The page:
Development of a microbial fuel cell for the provision of low cost lighting and smart irrigation in Uganda's rural areas
Suubi, Mujuni Godwin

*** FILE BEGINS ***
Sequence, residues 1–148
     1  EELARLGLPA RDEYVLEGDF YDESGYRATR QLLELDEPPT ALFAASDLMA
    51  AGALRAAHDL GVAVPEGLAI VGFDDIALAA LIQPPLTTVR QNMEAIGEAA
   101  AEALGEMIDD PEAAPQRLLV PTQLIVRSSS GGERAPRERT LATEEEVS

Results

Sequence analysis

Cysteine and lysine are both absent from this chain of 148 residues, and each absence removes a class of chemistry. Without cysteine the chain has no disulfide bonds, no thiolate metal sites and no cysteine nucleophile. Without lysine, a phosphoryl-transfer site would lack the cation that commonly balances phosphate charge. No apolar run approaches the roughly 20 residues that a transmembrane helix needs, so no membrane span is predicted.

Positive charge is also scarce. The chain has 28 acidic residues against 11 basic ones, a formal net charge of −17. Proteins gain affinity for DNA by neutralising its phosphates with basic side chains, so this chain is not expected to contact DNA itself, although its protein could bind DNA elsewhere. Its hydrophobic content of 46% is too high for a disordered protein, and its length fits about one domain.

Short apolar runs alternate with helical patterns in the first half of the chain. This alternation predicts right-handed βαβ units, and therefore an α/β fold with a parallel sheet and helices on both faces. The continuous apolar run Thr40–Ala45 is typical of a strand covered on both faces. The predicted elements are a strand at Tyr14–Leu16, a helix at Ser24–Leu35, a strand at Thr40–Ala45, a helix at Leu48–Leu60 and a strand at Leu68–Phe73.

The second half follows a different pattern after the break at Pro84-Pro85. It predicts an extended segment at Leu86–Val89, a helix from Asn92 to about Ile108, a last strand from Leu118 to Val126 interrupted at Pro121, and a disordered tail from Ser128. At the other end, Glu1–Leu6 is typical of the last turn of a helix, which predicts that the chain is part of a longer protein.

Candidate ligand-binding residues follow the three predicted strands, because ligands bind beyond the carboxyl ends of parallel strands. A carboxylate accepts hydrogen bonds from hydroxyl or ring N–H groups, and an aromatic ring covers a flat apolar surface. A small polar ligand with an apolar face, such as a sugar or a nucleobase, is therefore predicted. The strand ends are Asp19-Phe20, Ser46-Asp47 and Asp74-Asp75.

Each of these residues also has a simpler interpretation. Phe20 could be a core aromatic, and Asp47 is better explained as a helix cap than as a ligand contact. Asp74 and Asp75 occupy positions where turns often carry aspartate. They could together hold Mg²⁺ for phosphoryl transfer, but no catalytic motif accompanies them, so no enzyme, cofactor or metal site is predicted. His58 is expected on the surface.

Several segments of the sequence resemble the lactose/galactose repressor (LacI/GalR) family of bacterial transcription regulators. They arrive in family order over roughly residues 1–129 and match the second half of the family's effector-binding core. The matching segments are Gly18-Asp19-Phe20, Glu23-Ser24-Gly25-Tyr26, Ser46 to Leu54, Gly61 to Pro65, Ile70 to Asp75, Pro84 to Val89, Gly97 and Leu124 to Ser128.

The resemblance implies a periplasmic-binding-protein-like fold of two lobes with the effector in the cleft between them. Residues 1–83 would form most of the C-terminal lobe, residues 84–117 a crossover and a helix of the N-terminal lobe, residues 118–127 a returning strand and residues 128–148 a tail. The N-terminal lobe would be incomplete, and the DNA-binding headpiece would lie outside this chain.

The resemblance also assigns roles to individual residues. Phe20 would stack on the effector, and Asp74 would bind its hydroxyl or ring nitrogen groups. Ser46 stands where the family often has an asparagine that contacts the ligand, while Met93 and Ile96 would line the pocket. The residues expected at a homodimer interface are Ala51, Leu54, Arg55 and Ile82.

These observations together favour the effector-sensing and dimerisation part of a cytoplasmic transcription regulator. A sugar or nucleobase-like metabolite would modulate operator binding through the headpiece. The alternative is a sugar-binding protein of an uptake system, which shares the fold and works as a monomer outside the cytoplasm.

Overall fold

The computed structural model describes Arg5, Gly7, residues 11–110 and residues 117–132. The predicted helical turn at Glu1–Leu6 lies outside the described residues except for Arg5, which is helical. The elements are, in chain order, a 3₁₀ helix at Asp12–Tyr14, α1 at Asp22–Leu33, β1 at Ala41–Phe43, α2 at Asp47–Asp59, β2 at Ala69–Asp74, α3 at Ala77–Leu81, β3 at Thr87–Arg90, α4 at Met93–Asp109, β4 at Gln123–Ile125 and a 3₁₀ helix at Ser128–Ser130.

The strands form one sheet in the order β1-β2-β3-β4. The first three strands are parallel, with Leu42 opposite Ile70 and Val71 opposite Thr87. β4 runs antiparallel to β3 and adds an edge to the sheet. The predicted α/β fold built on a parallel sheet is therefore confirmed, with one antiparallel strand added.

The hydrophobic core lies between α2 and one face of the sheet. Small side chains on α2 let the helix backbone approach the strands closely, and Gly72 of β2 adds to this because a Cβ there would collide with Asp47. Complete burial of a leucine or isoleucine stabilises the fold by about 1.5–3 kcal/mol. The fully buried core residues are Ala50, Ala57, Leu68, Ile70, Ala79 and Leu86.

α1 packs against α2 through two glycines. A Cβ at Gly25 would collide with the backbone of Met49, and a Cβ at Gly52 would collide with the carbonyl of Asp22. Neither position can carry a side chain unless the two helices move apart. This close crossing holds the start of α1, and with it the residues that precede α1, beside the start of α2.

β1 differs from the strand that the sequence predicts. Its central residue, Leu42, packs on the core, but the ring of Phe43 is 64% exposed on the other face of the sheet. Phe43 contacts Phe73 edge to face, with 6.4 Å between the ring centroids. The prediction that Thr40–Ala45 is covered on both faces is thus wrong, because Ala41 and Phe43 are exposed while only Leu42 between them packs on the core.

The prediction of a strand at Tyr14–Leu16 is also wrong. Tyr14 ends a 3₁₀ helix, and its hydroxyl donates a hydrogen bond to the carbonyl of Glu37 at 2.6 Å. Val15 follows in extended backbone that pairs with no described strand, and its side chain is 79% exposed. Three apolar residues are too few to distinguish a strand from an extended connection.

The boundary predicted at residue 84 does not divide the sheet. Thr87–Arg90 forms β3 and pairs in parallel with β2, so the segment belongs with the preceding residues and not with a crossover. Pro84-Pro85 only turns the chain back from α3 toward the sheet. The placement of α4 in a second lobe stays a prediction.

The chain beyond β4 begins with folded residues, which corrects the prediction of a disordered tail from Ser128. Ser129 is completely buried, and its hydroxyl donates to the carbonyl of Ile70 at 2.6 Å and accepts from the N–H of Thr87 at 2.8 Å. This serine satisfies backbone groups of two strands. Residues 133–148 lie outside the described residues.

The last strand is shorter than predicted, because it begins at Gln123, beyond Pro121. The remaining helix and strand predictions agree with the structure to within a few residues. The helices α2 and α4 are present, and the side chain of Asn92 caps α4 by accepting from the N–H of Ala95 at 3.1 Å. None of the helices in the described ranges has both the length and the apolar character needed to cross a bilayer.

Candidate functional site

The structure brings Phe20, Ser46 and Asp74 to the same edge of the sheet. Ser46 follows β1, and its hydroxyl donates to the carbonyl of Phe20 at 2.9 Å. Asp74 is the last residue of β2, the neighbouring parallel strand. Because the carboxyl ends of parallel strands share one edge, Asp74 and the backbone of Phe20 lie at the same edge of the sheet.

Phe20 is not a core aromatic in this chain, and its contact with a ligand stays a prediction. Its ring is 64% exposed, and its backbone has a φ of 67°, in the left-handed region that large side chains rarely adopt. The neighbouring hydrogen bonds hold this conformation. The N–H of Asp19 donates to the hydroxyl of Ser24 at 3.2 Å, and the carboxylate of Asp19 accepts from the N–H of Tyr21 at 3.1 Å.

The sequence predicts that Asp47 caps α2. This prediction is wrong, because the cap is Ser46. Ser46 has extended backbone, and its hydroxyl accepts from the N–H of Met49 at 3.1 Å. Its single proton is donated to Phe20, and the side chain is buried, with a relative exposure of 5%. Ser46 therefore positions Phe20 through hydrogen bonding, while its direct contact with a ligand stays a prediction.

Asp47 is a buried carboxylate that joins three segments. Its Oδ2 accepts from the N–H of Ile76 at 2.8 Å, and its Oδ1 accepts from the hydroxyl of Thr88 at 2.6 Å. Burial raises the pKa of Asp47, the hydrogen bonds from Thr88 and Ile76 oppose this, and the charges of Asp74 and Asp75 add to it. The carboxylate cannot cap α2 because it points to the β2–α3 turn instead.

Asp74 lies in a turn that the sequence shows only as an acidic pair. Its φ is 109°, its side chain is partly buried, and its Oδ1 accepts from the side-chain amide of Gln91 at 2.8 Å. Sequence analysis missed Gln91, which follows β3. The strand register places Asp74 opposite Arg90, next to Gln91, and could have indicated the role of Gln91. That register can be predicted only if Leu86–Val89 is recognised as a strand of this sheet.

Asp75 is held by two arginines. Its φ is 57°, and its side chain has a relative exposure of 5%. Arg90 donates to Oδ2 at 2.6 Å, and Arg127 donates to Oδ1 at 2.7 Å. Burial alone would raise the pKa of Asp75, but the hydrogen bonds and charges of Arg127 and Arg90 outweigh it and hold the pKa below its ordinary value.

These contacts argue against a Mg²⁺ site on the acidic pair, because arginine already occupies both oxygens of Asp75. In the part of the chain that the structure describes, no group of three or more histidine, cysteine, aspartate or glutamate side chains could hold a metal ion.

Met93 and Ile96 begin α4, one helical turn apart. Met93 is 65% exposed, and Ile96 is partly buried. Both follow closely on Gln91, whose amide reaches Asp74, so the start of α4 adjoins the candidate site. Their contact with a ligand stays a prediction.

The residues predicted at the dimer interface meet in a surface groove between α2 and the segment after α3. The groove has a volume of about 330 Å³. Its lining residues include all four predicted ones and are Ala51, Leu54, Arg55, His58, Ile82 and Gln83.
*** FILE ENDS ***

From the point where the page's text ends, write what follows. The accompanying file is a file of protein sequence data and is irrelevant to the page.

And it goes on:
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In Uganda today, the coverage of the electricity grid is still quite poor (about 21%, UETCL 2018) and so costly (610/= per kWh, UMEME). This implies that majority of Ugandans living in rural areas use kerosene lamps and candles for household lighting. The negative impacts of these light sources are elaborately documented, including: • The release of toxins during combustion, • Contribution to upper respiratory disease, • Safety concerns such as fire hazards and accidental ingestion. Furthermore, the actualizing of modern farming technologies such as commercial irrigation still remains a nightmare in Uganda due to the high cost of diesel pumps and alternative renewable energy technologies such as solar pumps. Distributed energy micro generation technologies can contribute significantly to providing energy access to the rural poor. These systems can have lower life cycle cost and provide a diversity of technologies to meet specific energy end‐use applications in developing communities more appropriately. During this project, we designed and implemented a microbial fuel cell that can power up a LED light and run a D.C pump to simulate irrigation. The fuel cell will be implemented using materials that can be easily obtained in Uganda’s rural areas with emphasis placed on the possibility of recycling household and community waste. The design of the cell will also be one that is easy to construct such that people without school knowledge can be trained and be able to build it easily. In the implementation of the project, we studied different parameters that include: • Types of feed such as soil and animal waste, • Electrode material, • Size of fuel cell and electrodes. From these studies, we were able to design a fuel cell that gave us optimum voltage and current. We then stacked several cells to light an LED lamp as well as run a DC motor.